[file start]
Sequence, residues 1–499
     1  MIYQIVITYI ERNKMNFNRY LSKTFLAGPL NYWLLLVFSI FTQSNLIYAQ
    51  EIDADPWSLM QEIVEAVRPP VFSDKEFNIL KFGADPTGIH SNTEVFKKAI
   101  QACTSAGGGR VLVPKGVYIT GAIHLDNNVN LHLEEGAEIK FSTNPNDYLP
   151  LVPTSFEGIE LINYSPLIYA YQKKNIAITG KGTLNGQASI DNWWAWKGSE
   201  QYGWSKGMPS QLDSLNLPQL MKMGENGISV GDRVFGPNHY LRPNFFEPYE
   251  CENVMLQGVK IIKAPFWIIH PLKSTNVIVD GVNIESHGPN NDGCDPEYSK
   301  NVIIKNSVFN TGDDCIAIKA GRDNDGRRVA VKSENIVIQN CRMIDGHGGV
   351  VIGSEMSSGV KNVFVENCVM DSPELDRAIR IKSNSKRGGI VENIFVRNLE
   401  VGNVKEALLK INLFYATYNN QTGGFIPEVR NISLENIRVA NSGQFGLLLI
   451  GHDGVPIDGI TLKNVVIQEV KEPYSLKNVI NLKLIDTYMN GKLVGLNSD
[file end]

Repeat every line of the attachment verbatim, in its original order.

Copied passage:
Sequence, residues 1–499
     1  MIYQIVITYI ERNKMNFNRY LSKTFLAGPL NYWLLLVFSI FTQSNLIYAQ
    51  EIDADPWSLM QEIVEAVRPP VFSDKEFNIL KFGADPTGIH SNTEVFKKAI
   101  QACTSAGGGR VLVPKGVYIT GAIHLDNNVN LHLEEGAEIK FSTNPNDYLP
   151  LVPTSFEGIE LINYSPLIYA YQKKNIAITG KGTLNGQASI DNWWAWKGSE
   201  QYGWSKGMPS QLDSLNLPQL MKMGENGISV GDRVFGPNHY LRPNFFEPYE
   251  CENVMLQGVK IIKAPFWIIH PLKSTNVIVD GVNIESHGPN NDGCDPEYSK
   301  NVIIKNSVFN TGDDCIAIKA GRDNDGRRVA VKSENIVIQN CRMIDGHGGV
   351  VIGSEMSSGV KNVFVENCVM DSPELDRAIR IKSNSKRGGI VENIFVRNLE
   401  VGNVKEALLK INLFYATYNN QTGGFIPEVR NISLENIRVA NSGQFGLLLI
   451  GHDGVPIDGI TLKNVVIQEV KEPYSLKNVI NLKLIDTYMN GKLVGLNSD